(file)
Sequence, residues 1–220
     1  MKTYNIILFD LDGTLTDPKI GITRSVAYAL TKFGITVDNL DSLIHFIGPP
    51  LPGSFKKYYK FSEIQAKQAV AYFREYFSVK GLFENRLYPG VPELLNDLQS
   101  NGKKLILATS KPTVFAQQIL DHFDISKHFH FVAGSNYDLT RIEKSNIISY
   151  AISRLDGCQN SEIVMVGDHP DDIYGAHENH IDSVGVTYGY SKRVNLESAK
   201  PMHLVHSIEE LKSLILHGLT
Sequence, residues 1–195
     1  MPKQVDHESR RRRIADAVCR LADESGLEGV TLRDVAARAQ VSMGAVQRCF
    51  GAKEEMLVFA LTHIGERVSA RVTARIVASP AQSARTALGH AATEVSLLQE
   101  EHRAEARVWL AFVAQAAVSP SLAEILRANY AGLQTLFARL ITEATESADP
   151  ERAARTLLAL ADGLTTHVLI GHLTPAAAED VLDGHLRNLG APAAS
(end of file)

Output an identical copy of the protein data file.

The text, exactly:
Sequence, residues 1–220
     1  MKTYNIILFD LDGTLTDPKI GITRSVAYAL TKFGITVDNL DSLIHFIGPP
    51  LPGSFKKYYK FSEIQAKQAV AYFREYFSVK GLFENRLYPG VPELLNDLQS
   101  NGKKLILATS KPTVFAQQIL DHFDISKHFH FVAGSNYDLT RIEKSNIISY
   151  AISRLDGCQN SEIVMVGDHP DDIYGAHENH IDSVGVTYGY SKRVNLESAK
   201  PMHLVHSIEE LKSLILHGLT
Sequence, residues 1–195
     1  MPKQVDHESR RRRIADAVCR LADESGLEGV TLRDVAARAQ VSMGAVQRCF
    51  GAKEEMLVFA LTHIGERVSA RVTARIVASP AQSARTALGH AATEVSLLQE
   101  EHRAEARVWL AFVAQAAVSP SLAEILRANY AGLQTLFARL ITEATESADP
   151  ERAARTLLAL ADGLTTHVLI GHLTPAAAED VLDGHLRNLG APAAS